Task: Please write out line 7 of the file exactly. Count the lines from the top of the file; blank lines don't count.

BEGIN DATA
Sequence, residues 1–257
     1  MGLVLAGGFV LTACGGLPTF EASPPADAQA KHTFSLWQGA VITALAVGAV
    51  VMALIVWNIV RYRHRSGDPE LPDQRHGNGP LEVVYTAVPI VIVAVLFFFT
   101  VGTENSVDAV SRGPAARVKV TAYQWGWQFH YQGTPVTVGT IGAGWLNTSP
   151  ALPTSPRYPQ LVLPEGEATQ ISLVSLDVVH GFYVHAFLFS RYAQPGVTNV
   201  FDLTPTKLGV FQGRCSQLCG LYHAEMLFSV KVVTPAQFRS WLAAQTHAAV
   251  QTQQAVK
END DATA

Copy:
   251  QTQQAVK